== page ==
Four Seasons Health Care, one of Britain's largest care home groups, has appointed professional services firm Alvarez & Marsal to oversee its administration. According to a spokesperson from the company, the news will not impact the care of some 17,000 residents or the jobs of around 20,000 staff. However, staff sentiment towards the firm has for some time suggested it is more invested in profitability than providing care.
The start of May 2019 has seen Four Seasons Health Care, a 322-strong chain of adult social care homes, collapse after two of the holding companies behind the firm appointed administrators from Alvarez & Marsal. The news marks the biggest insolvency in the care homes sector since Southern Cross collapsed in 2011, and comes after months of failed efforts to manage its £525 million debt.
A majority of Four Seasons' operations are funded by the state, with about a fifth of them funded privately. In recent years, Four Seasons was stung by a cut in local authority fees and rising costs, and as a result, Terra Firma Capital Partners, the private equity firm which bought the group in 2012 for £825 million, has seen a £450 million writedown on its investment. Due to the company’s financial situation, it ceded control of the group to US hedge fund H/2 Capital Partners, which holds a large amount of Terra Firma’s debt.
As the private interests which hoped to profit from government outsourcing scramble to remove themselves from the equation, then, their holding companies for Four Seasons – Elli Finance (UK) and Elli Investments – have been placed into administration, while the operating companies that run Four Season homes are not. Because of this, Four Seasons said the appointment of administrators would not affect care arrangements or lead to the closure of its homes – which house roughly 17,000 residents, assist 22,000 patients, and employ some 20,000 staff. Alvarez & Marsal will now seek a new owner, while normal service continues.
Dr Claire Royston, Group Medical Director of Four Seasons, commented, "Today's news does not change the way we operate or how our homes are run or prompt any change for residents, families, employees and indeed suppliers… Our priority remains to deliver consistently good care. It marks the latest stage in the group's restructuring process and allows us to move ahead with an orderly, independent sales process."
While this will calm some fears, however, Four Seasons has regularly been panned by its own staff for upholding a poor set of standards and priorities. A simple examination of reviews posted for the group by staff on employment site Glassdoor.uk yields multiple allegations that the homes’ owners were more concerned with profitability than caring for residents. This includes a former Home Manager from Bracknell, who claimed “senior managers lied to regulators”, and that the priority of the company was to “focus on money rather than care, focus on investors and not what was actually happening on the ground.”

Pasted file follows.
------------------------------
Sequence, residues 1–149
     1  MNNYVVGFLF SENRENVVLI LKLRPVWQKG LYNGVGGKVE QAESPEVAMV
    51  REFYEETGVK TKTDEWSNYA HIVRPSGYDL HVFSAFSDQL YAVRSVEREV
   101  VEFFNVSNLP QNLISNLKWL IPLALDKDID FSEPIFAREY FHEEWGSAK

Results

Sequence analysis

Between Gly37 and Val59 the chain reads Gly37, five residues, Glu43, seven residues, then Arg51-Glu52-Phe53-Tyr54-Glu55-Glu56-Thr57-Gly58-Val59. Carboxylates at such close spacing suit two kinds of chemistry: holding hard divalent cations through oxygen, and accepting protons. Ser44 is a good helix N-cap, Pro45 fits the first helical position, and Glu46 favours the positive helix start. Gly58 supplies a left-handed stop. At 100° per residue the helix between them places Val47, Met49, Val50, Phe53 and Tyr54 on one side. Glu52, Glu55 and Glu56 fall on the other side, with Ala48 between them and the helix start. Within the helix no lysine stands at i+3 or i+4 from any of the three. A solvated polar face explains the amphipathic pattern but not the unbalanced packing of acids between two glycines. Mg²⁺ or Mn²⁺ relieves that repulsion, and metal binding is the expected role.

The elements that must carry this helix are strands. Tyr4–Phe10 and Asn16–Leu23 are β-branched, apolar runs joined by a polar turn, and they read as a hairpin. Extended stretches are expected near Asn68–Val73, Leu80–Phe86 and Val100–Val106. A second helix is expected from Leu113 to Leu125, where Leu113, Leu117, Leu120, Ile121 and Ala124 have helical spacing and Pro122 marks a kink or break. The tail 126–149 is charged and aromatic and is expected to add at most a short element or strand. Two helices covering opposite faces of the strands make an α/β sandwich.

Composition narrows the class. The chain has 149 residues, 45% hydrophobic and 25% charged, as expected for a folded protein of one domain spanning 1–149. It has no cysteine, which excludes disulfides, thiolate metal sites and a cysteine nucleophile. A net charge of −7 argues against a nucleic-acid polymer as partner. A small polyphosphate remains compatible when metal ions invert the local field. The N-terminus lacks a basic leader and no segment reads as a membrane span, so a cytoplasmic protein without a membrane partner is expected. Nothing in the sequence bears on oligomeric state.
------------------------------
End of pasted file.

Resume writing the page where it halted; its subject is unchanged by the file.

Elsewhere, one exasperated team member said, "[Four Seasons] care more about making money to line their pockets than doing what's best for their homes, residents and staff," a feature which cropped up in another 15 reviews on the site. Meanwhile, an anonymous employee in Leeds went even further, stating that the patient-to-staff ratio at their facility was “shocking”, and that while officially it was “30 residents to two care staff and two nurses”, as nurses were regularly issuing medication, in practice is was closer to “two carers to 30 patients.”
Social care crisis
Four Seasons Health Care is the country's second largest care home operator and a major player in the social care sector – and the move had raised fears for tens of thousands of elderly residents, with the National Secretary of the GMB Union, Rehana Azam urging the government to step in and reassure Four Seasons staff and residents. She added the case shows “our care system is in crisis, it is crumbling beneath us because the funding isn't there."
Close to 300,000 people over the age of 65 currently live in adult social care homes, and as the UK’s population is set to age progressively in coming years, this number is likely to steadily grow. Despite the sector forming such an increasingly important facet of social care in Britain, however, adult social care homes are still largely run for profit. As a result, the UK finds itself in the grips of an adult social care crisis, with care homes falling into administration at an alarming rate.
In 2018, 101 care homes went bust across the country. According to a study from auditing and advisory firm BDO, a reduction of spending from the central government on the sector was partially to blame, while companies running care homes bemoaned a rise in the National Minimum Wage last April. Despite the almost uniform complaints of rising wages from the industry’s captains, however, a recent Guardian investigation found that the owners of some of the country’s worst care homes made a total profit of £113 million, while a number of the vulnerable people they were supposed to look after were “being neglected”.
This paints a picture of a vital care sector which is enduring a perfect storm. It suggests that adult social care is ravaged by demographic changes and the corporate greed of private entities, either creaming off a profit from providing the poorest possible service, or exiting the sector abruptly when unable to do so. At the same time, it implies that the incumbent government does not possess the political will to effect meaningful change in the sector.
Age UK’s Charity Director Caroline Abrahams recently lamented, “Sadly… England has been left behind in the race to update the funding of care for older people, compared to some other similar nations… The reality is that an entire generation of older people in England has lost out, given that Germany embarked on care funding reforms in 1995 and Japan in 2000.”